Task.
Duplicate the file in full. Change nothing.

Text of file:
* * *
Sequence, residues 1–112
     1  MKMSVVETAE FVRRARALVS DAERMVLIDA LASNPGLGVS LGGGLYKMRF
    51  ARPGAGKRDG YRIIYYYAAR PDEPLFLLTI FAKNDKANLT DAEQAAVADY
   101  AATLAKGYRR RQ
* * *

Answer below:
Sequence, residues 1–112
     1  MKMSVVETAE FVRRARALVS DAERMVLIDA LASNPGLGVS LGGGLYKMRF
    51  ARPGAGKRDG YRIIYYYAAR PDEPLFLLTI FAKNDKANLT DAEQAAVADY
   101  AATLAKGYRR RQ